NREL Expands Biofuels Partnerships
February 28, 2011
The scenario for your business dream plays out like this. You have an idea to make a fuel from biomass using a biochemical conversion processes. You and your investors have completed bench-scale tests of your process, but now it is time to take it to the next level and process up to one ton of dry biomass a day. However, in a tough economy you don't want to build your own demonstration facility, but still need somewhere to test it. It turns out that "somewhere" is located at the U.S. Department of Energy's (DOE) National Renewable Energy Laboratory (NREL).
This past year, NREL completed construction on phase one of its Integrated Biorefinery Research Facility (IBRF) and phase two is currently underway. The idea for the IBRF is deliberate — a place for NREL and industry to test demonstration-scale projects and speed the commercialization of biofuels.
"The IBRF is designed specifically to help industry scale up their technology," NREL Team Leader for Partnership Development John Ashworth said. "We have created an empty bay in the facility so someone can bring in their own pretreatment reactor or other equipment required for biochemical biomass conversion. Companies can use part of our system or they can use their own technology and we can run it in parallel with ours. That way, they can see if their system is better than ours."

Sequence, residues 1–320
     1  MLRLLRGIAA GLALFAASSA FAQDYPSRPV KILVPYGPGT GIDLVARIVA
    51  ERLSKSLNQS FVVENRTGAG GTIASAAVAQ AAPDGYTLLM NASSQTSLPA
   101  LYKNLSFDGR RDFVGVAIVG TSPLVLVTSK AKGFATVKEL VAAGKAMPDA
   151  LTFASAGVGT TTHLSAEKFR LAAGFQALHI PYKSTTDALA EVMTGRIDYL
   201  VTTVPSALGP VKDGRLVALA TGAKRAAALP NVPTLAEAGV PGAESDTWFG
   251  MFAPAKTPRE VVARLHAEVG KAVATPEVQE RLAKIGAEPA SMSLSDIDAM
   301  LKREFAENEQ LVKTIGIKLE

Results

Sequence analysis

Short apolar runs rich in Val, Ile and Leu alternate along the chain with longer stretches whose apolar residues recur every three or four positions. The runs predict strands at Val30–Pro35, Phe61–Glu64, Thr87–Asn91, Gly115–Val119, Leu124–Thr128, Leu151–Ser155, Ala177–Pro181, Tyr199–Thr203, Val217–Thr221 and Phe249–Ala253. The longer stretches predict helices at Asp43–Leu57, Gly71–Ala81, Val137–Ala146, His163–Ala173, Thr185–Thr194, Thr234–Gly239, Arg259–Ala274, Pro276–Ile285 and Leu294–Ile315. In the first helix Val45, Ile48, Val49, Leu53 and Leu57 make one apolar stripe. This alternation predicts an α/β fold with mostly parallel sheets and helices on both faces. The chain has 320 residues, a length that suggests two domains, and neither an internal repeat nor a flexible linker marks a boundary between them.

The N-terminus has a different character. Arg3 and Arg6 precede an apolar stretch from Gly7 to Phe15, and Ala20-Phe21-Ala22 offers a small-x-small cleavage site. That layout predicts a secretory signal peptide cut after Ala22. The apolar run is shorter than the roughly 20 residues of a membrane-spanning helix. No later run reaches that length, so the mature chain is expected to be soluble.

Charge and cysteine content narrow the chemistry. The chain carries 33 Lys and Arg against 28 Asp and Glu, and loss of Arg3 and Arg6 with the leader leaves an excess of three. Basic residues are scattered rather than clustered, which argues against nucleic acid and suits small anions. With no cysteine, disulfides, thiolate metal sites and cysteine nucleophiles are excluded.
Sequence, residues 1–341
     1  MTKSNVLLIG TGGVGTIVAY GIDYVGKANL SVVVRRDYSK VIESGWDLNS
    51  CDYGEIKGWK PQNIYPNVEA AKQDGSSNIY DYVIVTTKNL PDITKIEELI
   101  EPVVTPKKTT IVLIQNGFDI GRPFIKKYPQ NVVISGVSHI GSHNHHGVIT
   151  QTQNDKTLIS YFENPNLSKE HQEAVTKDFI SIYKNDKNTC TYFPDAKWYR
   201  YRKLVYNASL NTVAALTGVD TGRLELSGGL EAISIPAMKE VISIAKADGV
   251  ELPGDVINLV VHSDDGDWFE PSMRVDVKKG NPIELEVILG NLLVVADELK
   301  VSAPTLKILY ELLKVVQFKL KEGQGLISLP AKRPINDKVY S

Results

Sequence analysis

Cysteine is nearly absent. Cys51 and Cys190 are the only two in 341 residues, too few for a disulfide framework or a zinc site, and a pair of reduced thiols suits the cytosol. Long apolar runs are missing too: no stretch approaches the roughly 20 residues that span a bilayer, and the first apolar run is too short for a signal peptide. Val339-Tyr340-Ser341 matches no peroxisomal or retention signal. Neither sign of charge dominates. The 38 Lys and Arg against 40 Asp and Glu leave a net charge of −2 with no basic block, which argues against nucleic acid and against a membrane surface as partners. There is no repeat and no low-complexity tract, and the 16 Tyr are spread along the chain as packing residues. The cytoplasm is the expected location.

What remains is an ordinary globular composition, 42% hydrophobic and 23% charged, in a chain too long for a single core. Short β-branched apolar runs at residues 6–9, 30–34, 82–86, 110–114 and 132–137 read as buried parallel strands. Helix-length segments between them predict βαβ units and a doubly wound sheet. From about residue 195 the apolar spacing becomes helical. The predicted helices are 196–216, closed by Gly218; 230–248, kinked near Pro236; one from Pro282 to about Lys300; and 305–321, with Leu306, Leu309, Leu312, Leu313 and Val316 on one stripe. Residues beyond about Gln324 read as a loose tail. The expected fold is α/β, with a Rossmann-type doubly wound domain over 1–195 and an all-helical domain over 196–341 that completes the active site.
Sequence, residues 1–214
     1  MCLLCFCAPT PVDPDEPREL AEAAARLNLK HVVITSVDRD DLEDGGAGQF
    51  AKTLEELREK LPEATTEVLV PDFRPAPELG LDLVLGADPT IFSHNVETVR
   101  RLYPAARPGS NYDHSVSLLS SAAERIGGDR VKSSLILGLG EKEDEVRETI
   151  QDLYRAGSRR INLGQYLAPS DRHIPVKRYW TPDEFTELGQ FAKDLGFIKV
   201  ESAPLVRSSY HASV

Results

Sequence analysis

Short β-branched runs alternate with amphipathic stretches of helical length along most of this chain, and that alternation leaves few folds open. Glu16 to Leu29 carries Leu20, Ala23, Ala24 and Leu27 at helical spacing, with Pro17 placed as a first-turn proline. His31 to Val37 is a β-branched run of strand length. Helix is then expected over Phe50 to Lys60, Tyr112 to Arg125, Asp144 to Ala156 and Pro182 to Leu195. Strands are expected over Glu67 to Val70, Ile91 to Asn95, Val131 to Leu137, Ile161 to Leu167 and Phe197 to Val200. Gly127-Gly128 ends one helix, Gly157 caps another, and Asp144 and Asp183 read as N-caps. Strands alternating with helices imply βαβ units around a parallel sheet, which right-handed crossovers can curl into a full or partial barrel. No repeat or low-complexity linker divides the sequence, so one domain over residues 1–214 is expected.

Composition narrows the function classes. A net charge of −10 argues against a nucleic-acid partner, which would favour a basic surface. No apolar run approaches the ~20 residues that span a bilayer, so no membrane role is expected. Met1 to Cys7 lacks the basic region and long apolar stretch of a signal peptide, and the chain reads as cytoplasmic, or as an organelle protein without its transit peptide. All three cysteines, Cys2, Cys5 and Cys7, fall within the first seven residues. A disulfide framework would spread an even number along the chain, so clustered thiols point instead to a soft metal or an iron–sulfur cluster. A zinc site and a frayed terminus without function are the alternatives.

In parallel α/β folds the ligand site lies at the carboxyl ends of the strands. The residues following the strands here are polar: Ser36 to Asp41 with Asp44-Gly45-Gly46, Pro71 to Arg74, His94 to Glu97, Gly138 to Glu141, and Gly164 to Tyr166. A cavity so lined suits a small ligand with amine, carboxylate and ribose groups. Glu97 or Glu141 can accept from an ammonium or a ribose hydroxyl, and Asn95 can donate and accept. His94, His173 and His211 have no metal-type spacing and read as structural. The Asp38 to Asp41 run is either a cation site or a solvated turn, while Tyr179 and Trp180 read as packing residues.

NREL's creation is a $33.5 million pilot plant and facility upgrade capable of supporting a variety of advanced biofuels projects. The IBRF boasts a 27,000 square foot high bay with one area where industry partners can bring in and test equipment, as well as upgraded laboratories, additional office space, and access to NREL expertise. The IBRF also features enhancements to NREL's existing biochemical pilot plant which now includes:
- Three parallel front-end process trains for pretreatment through enzymatic hydrolysis
- The ability to do research on pretreatment using a range of pH conditions
- The capability to handle high solids concentrations through enzymatic hydrolysis.
"Industry partners can come in and try whatever they might have in mind from a very mild pretreatment to a very strong pretreatment and the system is set up for that," Ashworth said. "The high solid enzymatic hydrolysis reactors sit directly beneath the pretreatment reactors. All of this allows us to really push the limits of how you can use the system and still get to sugars."